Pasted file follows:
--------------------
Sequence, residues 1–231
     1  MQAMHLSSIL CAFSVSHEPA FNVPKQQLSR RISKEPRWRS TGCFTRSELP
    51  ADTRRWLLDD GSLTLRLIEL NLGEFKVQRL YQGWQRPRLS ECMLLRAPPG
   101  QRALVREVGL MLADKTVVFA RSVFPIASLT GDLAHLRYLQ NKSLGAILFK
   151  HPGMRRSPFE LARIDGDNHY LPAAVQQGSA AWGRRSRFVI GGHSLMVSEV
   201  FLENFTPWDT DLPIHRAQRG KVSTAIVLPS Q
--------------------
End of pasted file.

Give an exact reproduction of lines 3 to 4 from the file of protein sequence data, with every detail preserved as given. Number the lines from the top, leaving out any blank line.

    51  ADTRRWLLDD GSLTLRLIEL NLGEFKVQRL YQGWQRPRLS ECMLLRAPPG
   101  QRALVREVGL MLADKTVVFA RSVFPIASLT GDLAHLRYLQ NKSLGAILFK